Among the most common guidelines for improvement that the Inspectorate issued over three months of inspections at the end of 2020 was that kindergartens and schools should increase students’ participation and improve their results in Olympiads and other competitions (National Inspectorate of Education, 2021[30]). This communicates a view of school quality based on the achievements of high performers and creates a risk that schools will pay less attention to the progress of low-performing students. The Inspectorate should therefore revise the school quality standards to delete the measure that relates to student participation and success in Olympiads, competitions or academic contests. Positively, other indicators in the school quality standards, like students’ results on State Matriculation examinations and their acquisition of competencies, yield important information about outcomes for all learners. The standards also look at schools’ inclusive practices (for example, see the indicators relating to the “coverage, inclusion and prevention of dropping out” criterion in Table 4.4).

To help communicate a more comprehensive understanding of school quality, the Inspectorate should consider adding specific indicators to the evaluation framework that relate to the progress and outcomes of vulnerable student groups. Such indicators are addressed in frameworks in other countries, like Scotland (Education Scotland, 2015[31]). In Bulgaria, indicators might include, for example, raising the attainment and attendance rates of students who do not speak Bulgarian at home. There would need to be some flexibility to ensure the relevance of indicators for diverse school contexts. However, explicitly measuring whether inclusion policies are having a positive impact on student outcomes would encourage schools to work towards the national goal of supporting students from different backgrounds (Ministry of Education and Science, 2020[18]).

Bulgaria’s new Inspectorate should develop a report specifically for the public to share key findings from school inspections. This practice would not only increase transparency in the education system but also help promote a more comprehensive understanding of school quality. The sample inspection report provided to the OECD review team contained some features that could be useful to the public, such as an explanation of the scoring system. However, while a public report should have fewer details than the reports schools receive, it should also provide a contextualised and descriptive overview of the school’s practices in relation to quality standards. Publishing public reports of school inspections on line can also help communicate an authentic picture of school quality. In developing a template for public inspection reports, Bulgaria might consider one or both of the following models:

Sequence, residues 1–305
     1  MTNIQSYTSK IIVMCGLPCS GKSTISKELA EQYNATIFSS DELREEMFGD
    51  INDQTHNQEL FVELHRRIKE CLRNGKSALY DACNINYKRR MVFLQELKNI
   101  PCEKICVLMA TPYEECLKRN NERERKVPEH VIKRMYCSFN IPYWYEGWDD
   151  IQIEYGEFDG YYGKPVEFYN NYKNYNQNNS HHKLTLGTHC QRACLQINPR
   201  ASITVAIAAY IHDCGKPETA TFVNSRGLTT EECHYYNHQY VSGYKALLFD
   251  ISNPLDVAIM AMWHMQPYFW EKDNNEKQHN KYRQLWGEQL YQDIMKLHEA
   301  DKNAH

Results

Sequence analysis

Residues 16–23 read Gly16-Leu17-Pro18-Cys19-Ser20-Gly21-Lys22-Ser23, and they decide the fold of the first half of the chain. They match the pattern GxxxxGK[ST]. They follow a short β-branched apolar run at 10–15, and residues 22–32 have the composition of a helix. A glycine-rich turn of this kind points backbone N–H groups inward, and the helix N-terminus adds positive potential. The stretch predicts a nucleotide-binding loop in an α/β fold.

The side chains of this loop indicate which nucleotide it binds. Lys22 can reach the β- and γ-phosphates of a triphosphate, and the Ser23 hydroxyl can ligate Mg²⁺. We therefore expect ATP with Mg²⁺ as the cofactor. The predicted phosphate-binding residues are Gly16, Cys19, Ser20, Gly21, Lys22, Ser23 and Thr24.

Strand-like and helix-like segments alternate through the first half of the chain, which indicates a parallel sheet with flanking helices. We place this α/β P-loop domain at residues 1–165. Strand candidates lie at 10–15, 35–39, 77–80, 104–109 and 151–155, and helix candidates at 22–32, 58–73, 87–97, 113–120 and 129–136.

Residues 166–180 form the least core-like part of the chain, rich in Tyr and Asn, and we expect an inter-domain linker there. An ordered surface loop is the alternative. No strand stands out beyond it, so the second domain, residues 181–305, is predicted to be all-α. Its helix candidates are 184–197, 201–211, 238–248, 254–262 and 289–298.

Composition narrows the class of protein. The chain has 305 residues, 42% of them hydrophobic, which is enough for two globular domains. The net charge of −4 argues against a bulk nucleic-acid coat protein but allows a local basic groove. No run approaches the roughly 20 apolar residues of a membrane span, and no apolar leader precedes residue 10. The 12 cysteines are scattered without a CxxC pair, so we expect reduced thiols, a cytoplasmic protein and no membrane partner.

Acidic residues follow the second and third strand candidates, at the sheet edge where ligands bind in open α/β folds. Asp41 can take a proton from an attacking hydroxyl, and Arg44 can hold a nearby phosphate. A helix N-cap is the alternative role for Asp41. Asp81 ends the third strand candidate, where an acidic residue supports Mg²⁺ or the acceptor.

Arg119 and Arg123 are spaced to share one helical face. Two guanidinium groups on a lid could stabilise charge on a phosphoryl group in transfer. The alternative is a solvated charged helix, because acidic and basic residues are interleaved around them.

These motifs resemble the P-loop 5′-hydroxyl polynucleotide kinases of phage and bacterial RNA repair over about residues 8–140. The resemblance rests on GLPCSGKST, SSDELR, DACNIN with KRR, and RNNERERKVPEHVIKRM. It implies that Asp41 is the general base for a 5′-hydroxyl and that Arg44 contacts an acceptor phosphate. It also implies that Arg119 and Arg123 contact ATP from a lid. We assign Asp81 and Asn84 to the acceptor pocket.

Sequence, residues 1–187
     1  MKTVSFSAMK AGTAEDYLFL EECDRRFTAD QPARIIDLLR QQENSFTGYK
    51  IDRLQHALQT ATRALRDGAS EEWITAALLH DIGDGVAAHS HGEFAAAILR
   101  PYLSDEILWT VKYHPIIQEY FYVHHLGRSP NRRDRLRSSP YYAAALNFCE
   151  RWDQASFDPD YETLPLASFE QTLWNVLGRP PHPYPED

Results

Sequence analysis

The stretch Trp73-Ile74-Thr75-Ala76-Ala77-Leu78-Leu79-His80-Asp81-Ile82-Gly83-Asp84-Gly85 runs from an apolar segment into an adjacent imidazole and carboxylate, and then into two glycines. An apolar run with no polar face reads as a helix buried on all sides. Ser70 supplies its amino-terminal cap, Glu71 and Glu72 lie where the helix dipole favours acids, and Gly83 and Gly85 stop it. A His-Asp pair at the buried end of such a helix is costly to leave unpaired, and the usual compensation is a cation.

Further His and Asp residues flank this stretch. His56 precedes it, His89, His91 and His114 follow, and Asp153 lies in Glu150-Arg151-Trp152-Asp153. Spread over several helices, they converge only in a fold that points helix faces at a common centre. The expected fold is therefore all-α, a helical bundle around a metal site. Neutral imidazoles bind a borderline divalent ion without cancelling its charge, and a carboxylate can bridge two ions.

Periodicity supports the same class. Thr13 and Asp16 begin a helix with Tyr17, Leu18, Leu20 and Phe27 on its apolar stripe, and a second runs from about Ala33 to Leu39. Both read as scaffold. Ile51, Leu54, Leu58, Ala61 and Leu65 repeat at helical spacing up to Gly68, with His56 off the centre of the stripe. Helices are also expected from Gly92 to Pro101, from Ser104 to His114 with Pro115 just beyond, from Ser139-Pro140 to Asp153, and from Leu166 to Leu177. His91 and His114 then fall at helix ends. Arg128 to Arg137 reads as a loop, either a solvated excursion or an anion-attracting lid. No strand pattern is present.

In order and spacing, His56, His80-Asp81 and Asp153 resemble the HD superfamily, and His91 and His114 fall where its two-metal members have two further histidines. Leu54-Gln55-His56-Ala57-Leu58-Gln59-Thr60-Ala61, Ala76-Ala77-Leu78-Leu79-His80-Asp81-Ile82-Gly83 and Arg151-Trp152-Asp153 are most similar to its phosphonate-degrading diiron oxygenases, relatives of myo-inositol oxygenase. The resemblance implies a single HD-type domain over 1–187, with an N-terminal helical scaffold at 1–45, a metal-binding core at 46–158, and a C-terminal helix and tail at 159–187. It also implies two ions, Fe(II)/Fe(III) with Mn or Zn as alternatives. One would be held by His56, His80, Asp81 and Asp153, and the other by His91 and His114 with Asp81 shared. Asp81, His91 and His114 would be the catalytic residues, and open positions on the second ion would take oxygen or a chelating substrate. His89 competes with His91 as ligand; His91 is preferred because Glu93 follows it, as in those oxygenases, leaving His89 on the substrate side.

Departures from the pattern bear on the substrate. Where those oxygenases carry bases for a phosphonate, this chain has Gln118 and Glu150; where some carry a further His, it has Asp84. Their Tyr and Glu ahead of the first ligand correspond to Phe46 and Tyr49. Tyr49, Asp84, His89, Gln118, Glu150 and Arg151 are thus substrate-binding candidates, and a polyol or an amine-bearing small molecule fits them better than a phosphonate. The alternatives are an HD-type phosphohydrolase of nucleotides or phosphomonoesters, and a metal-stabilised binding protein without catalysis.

• A one- or two-page summary of the report. Bulgaria could develop a short document that is similar to the report prepared for parents in Scotland. It states a school’s strengths, main recommendations for improvement and concludes with a table presenting a descriptive rating (e.g. “good”) for each evaluated area (Education Scotland, 2021[32]). This type of short summary report would be an easy way for Bulgaria to communicate key findings from school inspections to the public.

  • A more detailed holistic report. Bulgaria could develop a more holistic public report, similar to the example of Ireland’s Whole School Evaluation report (see Box 4.1), which is longer than a one- or two-page summary but shorter than a typical existing inspection report in Bulgaria (e.g. about half the length). Like Ireland, Bulgaria should focus this type of public report on the quality of school practices. At present, Bulgaria’s inspection reports identify the overall score for the school up front, which focuses readers’ attention on a number rather than what schools are actually doing. The new report could begin with information about the school’s context and a summary of findings and recommendations. It could also avoid information that encourages the ranking of or competition between schools, like students’ results on State Matriculation examinations. The Inspectorate might consider changing the format of its reports for schools to match this one but still include a non-public appendix that gives more detailed inspection results to schools.

The Inspectorate should also revise the contents of public reports that summarise external school evaluation activities. At present, the reports focus on scores in different evaluated areas and name schools that received the highest and lowest results (National Inspectorate of Education, 2021[30]). This decontextualised information does not convey the characteristics of the school or the quality of its underlying practices. The summary reports should instead provide an overview of what inspected schools are doing effectively and where they need to improve. The public external school evaluation reports recommended above will provide information about individual school results.